The New York City Department of Small Business Services (SBS) today received the "2004 Agency Advocate Award" from the Association of Minority Enterprises of New York, Inc. (AMENY). SBS Commissioner Robert W. Walsh accepted the award on behalf of the Bloomberg Administration at AMENY's 28th Annual Legislative Business Development Conference in Albany. SBS was honored for its achievements including making the commitment to monitor actively each City Agency's utilization of Minority- and Women-Owned Business Enterprises (MWBE), to implement more opportunities for MWBEs by instituting new policies, to form strategic partnerships, and to enhance customer service through technology.
"From the outset of my administration, growing and strengthening small businesses has been a key priority, particularly minority- and women-owned businesses," said Mayor Michael R. Bloomberg. "Small businesses make up nearly half of New York City's private sector workforce and form the foundation of our City's economy. Our long-term economic prospects hinge on their success, and Commissioner Walsh and SBS have made great strides in increasing opportunities for MWBEs and enhancing their ability to compete. I am pleased that AMENY has recognized those efforts, and continues to work with my administration to do even more for the minority business community."
"The Mayor has shown genuine respect and support for the minority business community," said James Heyliger, President of the Association of Minority Enterprises of New York. "We are pleased that he appointed a Commissioner that understands the importance of small businesses, and Commissioner Walsh has demonstrated by his actions that he is truly an advocate for the minority business community."
"It is an honor to receive such a meaningful award from such an outstanding group," said SBS Commissioner Robert W. Walsh. "It truly is a testament to the Bloomberg Administration's relentless focus on serving the needs of small business in an aggressive, client oriented approach. Nearly a third of New York City firms are minority-owned and over a quarter are woman-owned. We will continue to implement the Mayor's vision and work with the MWBE community to spread success across the City."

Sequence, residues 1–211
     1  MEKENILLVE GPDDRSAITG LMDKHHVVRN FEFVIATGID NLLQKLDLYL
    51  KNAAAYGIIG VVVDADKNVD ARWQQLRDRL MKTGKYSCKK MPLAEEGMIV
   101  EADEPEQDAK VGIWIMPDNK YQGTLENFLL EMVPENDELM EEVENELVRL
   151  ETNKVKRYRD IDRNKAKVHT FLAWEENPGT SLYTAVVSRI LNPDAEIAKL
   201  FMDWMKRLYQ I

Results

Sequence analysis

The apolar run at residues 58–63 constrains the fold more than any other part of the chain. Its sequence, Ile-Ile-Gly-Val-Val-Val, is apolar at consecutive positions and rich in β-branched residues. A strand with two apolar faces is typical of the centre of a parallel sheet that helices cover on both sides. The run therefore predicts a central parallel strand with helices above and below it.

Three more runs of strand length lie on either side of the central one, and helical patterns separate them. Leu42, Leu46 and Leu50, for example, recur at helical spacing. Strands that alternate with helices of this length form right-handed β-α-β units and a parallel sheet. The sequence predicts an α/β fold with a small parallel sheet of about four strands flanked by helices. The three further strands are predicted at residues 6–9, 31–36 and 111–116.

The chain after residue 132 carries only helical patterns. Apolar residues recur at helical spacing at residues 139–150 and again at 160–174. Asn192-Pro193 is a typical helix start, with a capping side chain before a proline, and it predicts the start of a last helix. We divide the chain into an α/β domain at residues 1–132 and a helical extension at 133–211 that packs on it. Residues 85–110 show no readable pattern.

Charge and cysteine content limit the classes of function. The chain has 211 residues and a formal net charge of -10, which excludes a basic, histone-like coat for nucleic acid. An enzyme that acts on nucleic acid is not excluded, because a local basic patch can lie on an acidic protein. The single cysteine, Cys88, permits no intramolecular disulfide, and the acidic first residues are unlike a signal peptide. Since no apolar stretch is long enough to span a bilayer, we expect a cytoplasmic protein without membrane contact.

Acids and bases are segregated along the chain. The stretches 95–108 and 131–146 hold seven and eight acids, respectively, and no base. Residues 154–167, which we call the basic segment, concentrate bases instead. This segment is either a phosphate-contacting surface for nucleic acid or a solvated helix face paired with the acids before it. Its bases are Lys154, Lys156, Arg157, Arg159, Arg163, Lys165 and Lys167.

SBS made two important policy changes to increase opportunities for small businesses bidding on City contracts. In the past, when making small purchases-goods or services valued at $100,000 or less-City agencies received a random list of five bidders from the general vendor pool. Now, in addition to those five bidders, City agencies receive another randomly selected list of five bidders from the small vendor pool, which includes certified Locally Based Enterprises (LBE) and MWBEs. This guarantees that small firms will be solicited more often, and therefore, increases their likelihood of getting contracts. The second important policy change was raising the gross income cap for all LBEs to $2,000,000 from a low of $675,000. This change allows more firms to certify as LBEs and reflects the rate of inflation.